• will declare whether it, its parent company(ies), subsidiaries or affiliates, or any proposed sub-contractors or other entities involved in the recycling process, has received any fines, notices, etc. from regulatory entities in the last five years (IMO).

  • will be in receipt of the following documents prior to the commencement of recycling to assist in the development of a Ship Recycling Plan .

    1. A 'Ready for Recycling' certificate (or its equivalent)

    2. The vessel’s Green Passport including a list of hazardous materials (and their location) onboard (IMO)

    3. Any ship plans or drawings

    4. will issue a ‘Recycle’ certificate upon completion which confirms the remainders of the ship have been processed and removed;

  • is recommended to make reference to the following sets of Guidelines throughout the recycling process:

    1. Technical Guidelines for the Environmentally Sound Management of the Full and Partial Dismantling of Ships developed by the Secretariat of the Basel Convention

    2. IMO Guidelines on Ship Recycling developed by the International Maritime Organization

    3. Safety and Health in Shipbreaking: Guidelines for Asian countries and Turkey developed by the International Labour Organization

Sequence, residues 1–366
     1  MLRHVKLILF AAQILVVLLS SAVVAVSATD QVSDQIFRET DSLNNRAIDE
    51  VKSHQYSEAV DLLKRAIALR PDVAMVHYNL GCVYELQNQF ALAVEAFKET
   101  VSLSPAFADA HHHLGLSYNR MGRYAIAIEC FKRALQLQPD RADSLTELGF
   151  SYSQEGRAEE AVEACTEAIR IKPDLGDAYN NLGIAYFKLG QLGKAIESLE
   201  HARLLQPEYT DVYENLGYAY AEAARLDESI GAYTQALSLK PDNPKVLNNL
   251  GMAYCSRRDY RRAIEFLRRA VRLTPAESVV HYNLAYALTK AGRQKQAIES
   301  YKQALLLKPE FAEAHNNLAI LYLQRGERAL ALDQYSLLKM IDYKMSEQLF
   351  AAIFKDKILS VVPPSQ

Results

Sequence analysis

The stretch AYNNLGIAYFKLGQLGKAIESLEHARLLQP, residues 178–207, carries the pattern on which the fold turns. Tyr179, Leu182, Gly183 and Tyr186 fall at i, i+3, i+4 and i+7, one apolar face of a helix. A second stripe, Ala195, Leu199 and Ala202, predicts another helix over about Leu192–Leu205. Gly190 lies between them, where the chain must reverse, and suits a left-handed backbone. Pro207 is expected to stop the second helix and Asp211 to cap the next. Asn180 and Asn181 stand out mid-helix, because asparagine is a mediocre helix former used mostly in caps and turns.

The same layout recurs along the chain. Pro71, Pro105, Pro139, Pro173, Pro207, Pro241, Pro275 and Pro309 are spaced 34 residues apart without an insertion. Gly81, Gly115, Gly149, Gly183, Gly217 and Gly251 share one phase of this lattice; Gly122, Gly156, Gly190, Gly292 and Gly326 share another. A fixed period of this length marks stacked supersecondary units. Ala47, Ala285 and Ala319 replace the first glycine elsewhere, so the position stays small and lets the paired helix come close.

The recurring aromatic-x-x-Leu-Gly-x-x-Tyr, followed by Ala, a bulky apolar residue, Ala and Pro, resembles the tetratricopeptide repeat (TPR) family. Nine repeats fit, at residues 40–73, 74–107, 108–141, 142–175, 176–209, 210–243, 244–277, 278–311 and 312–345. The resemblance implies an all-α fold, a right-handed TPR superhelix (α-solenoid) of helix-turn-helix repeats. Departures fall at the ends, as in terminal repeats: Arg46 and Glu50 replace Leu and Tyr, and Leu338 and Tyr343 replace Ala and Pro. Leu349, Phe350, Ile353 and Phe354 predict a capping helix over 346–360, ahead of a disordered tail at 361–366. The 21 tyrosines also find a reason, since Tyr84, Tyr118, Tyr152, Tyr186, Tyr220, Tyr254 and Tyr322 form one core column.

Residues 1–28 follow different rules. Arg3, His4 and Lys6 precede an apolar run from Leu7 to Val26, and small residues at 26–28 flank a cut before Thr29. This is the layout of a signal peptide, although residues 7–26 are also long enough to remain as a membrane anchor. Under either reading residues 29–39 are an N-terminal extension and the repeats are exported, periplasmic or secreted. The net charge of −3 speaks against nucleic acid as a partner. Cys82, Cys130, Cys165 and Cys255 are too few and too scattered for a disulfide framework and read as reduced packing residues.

4. The facility, in conjunction with the ship owner, will be responsible for the development of a ship recycling plan for the vessel and should have procedures in place to develop such a plan (IMO). The plan should include provisions for: worker health and safety; environment including waste management

  • It should be noted that both existing and new facilities should be acceptable, provided that they have or obtain all the necessary regulatory consents and satisfy all other requirements, including those of the competent authorities for transboundary waste controls.

Worker health and safety:

The facility is required to implement methods and procedures to protect, monitor and enforce worker health and safety. These should reflect applicable requirements of national legislation and, where appropriate, the ILO Guidelines on Safety and Health in Shipbreaking. The facility is required to have procedures in place to cover the following operations in respect of worker health and safety:

  • Confined and enclosed spaces (procedures for identifying and working in dangerous atmospheres) (IMO) .